In this paper we present the results of an expert elicitation on the prospects for advances in battery technology for electric and hybrid vehicles. We find disagreement among the experts on a wide range of topics, including the need for government funding, the probability of getting batteries with lithium metal anodes to work, and the probability of building safe Lithium-ion batteries. Averaging across experts we find that U.S. government expenditures of $150M/yr lead to a 66% chance of achieving a battery that costs less than $200/kWh, and a 20% chance for a cost of $90/kWh or less. Reducing the cost of batteries from a baseline of $384 to $200 could lead to a savings in the cost of reducing greenhouse gasses of about $100 Billion in 2050.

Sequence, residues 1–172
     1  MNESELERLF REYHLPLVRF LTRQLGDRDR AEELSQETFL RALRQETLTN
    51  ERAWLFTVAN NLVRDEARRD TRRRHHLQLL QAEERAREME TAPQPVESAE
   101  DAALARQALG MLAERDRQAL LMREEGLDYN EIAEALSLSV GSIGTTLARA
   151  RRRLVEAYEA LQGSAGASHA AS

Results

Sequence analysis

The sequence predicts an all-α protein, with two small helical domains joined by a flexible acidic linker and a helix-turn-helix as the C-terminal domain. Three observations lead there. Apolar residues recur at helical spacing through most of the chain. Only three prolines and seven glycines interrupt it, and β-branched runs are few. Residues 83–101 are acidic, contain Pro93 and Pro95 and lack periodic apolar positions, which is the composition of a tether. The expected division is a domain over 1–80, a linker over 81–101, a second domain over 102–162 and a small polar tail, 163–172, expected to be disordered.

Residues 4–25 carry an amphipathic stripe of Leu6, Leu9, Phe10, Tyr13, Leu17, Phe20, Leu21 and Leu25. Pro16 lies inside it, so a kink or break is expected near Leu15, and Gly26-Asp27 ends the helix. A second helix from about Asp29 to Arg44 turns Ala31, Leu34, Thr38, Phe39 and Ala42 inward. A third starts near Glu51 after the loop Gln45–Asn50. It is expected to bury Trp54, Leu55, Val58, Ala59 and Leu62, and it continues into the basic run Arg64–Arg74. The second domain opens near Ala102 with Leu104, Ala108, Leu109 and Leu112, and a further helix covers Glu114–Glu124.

Baker, Erin D.; Chon, Haewon; and Keisler, Jeffrey M., "Battery technology for electric and hybrid vehicles: Expert views on prospects for advancement" (2010). Management Science and Information Systems Faculty Publication Series. 2.